Call Today

The repercussions of a criminal conviction, especially one involving drug offenses under HS 109575, can be profoundly life-altering. Not only could you face the immediate consequences of losing your job and your freedom, but your future prospects could also be significantly hampered. Given that offenses under HS 109575 can involve actual or counterfeit drugs, the stakes are even higher, with potential outcomes including deportation or the revocation of professional licenses.

At Inland Empire Criminal Defense, based in Ontario, our seasoned attorney specializes in the defense of drug-related crimes, including the complexities of HS 109575 charges. With a track record of successfully defending thousands of clients across the Inland Empire, we bring unparalleled expertise and a committed defense strategy to protect your rights and your future.

Why Trust Inland Empire Criminal Defense for Your HS 109575 Case?

  • Proven Success in Drug Crime Defense: Our extensive experience in successfully navigating drug-related charges, including those under HS 109575, positions us as your ideal legal advocate in these complex cases.
  • Comprehensive Legal Knowledge: Specializing in the defense of drug offenses, our Ontario attorney is well-versed in the nuances of both actual and counterfeit drug laws, ensuring a thorough and effective defense.
  • Dedicated to Your Rights and Future: We understand the severe implications of a drug crime conviction and are dedicated to fighting for the best possible outcome, focusing on protecting your job, freedom, and future prospects.

Begin Your Defense with Inland Empire Criminal Defense

Facing charges under HS 109575 demands immediate and strategic legal action. Located in Ontario and serving clients throughout the Rancho Cucamonga area, Inland Empire Criminal Defense is prepared to offer the experienced and specialized legal representation necessary to challenge these allegations.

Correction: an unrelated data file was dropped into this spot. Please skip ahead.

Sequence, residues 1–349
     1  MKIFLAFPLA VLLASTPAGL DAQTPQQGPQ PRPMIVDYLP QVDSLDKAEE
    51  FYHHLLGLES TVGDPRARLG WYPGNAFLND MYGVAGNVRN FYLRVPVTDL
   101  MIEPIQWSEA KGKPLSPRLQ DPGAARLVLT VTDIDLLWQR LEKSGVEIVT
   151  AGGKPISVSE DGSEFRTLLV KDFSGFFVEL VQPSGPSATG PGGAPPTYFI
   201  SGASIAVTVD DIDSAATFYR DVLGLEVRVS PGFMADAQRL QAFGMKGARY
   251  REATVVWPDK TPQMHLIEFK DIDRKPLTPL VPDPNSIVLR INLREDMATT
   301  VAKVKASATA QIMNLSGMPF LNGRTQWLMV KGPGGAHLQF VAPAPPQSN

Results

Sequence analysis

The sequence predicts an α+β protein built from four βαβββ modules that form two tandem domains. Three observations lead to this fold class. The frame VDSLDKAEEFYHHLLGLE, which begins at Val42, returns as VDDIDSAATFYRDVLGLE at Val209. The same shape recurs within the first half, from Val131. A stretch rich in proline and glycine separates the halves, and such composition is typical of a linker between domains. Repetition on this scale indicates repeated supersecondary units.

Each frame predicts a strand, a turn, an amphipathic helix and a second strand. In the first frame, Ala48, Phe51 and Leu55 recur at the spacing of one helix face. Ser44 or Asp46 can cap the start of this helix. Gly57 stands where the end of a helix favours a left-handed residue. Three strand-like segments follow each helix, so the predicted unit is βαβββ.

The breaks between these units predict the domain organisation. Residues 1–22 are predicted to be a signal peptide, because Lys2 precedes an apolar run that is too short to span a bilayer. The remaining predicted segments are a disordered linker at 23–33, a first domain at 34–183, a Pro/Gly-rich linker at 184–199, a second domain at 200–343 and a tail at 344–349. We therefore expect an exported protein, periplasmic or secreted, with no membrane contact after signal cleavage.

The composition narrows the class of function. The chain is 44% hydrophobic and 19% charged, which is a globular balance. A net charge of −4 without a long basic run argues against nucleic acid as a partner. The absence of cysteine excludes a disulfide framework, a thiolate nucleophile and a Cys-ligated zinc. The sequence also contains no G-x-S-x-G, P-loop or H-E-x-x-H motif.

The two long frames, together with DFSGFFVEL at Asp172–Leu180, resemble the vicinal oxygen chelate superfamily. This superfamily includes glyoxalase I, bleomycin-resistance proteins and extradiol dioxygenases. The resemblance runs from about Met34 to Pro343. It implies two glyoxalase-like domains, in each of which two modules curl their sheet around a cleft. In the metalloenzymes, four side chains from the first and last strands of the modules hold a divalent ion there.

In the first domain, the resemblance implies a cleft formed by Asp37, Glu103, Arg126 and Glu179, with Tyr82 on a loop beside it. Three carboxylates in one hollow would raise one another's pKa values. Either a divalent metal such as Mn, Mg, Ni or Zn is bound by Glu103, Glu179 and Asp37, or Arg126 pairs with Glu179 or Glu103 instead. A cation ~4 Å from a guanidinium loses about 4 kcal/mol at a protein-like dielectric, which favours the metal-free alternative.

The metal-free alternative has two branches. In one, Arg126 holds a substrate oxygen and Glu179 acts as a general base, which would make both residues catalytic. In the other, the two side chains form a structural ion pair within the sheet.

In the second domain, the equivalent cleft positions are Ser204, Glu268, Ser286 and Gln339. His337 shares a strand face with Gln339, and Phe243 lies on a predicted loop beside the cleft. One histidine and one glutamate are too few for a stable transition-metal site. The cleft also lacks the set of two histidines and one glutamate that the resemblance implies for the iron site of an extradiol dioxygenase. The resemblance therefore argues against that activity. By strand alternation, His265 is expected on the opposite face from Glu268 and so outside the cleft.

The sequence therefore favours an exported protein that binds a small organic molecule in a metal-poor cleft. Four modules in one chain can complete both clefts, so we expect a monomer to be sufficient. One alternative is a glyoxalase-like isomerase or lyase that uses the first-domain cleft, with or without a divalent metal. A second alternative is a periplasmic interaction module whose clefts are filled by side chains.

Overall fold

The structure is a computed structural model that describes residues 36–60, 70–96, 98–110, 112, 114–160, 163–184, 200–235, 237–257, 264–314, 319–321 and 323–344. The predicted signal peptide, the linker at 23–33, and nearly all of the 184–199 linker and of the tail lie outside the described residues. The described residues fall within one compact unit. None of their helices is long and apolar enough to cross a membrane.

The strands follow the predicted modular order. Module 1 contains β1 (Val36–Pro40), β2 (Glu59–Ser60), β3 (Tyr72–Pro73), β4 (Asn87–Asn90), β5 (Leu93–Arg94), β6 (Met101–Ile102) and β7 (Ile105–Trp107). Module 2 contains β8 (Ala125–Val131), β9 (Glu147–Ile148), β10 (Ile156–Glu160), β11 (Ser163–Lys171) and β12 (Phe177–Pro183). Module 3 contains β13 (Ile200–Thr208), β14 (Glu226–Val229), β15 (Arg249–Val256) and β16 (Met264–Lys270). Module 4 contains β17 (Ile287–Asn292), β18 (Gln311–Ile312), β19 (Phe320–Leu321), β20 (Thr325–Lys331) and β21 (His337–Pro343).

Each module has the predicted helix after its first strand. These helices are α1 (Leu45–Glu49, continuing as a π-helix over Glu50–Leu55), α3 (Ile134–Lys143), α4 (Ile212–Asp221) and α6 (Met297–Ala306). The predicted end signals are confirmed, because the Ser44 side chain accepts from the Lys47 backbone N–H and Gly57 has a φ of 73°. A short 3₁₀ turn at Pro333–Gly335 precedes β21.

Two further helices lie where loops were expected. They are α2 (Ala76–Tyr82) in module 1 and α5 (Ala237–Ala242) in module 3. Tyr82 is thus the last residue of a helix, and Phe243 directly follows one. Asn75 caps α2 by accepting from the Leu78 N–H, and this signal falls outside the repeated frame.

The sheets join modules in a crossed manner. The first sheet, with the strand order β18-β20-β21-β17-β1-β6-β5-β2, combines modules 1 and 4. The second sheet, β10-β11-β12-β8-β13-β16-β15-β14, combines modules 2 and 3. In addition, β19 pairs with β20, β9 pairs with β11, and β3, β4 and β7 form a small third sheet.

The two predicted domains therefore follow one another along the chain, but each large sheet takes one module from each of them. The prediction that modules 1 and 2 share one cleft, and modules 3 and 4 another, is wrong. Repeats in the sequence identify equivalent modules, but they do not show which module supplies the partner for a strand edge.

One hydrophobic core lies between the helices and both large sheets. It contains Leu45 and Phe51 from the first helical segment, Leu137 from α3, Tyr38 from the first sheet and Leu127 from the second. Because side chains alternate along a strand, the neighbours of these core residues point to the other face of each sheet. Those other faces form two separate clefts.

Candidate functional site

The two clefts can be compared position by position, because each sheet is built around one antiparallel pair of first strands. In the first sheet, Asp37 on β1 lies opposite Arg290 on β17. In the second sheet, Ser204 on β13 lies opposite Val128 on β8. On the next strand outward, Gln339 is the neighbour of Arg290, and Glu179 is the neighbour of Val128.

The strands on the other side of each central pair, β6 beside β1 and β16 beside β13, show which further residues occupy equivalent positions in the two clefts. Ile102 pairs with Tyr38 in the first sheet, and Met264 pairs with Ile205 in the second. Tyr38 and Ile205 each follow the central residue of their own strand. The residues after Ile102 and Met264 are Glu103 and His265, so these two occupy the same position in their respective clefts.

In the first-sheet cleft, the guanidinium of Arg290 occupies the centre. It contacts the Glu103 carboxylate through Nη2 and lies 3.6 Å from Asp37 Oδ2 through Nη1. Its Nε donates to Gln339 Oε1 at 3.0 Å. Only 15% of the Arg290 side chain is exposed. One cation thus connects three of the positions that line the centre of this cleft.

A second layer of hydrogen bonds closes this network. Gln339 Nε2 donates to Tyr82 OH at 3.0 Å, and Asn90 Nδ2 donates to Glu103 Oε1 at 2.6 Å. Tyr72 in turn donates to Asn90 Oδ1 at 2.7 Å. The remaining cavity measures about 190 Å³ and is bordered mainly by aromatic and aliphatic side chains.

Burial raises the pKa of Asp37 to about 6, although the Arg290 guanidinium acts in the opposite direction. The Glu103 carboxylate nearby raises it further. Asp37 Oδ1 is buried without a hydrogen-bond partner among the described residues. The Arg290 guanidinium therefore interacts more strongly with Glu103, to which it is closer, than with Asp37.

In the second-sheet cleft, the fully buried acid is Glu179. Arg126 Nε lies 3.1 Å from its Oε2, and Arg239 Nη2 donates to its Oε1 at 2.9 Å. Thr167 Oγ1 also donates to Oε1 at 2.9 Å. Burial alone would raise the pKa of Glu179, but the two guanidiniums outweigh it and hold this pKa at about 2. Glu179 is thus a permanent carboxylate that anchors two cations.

Contact Inland Empire Criminal Defense Today

Don’t let a charge under HS 109575 dictate the course of your life. Reach out to Inland Empire Criminal Defense at 909-939-7126 for a free consultation. Our dedicated team, based in Ontario, is here to offer the support, guidance, and expert defense necessary to navigate this critical period, fighting vigorously to protect your rights and secure your future.

Frequently Asked Questions

Absolutely, Inland Empire Criminal Defense prioritizes your privacy and confidentiality. Every consultation with our attorney is conducted with the utmost discretion, ensuring your information remains secure and private.

Yes, understanding the financial pressures that can come with legal representation, our attorney offers flexible payment plans. This approach ensures that quality legal defense is accessible for all our clients in Riverside, San Bernardino, and Los Angeles Counties.

Yes, Inland Empire Criminal Defense offers free consultations. This is part of our commitment to providing accessible and transparent legal services to residents of Riverside, San Bernardino, and Los Angeles Counties.

We offer both in-person and over-the-phone consultations to accommodate your preferences and needs. Whether you’re in Riverside, San Bernardino, or Los Angeles County, we ensure that you can access our legal services in the way that suits you best.

Our office is typically closed on weekends. However, we do make exceptions for meetings by special arrangement. Our commitment is to be as accommodating as possible to meet the unique needs of our clients in Riverside, San Bernardino, and Los Angeles Counties.

Our legal services are specifically tailored to residents of Riverside, San Bernardino, and Los Angeles Counties. For cases outside these areas, we recommend consulting to find appropriate legal assistance. Our focused approach allows us to provide specialized defense catering to the unique legal landscape of these counties.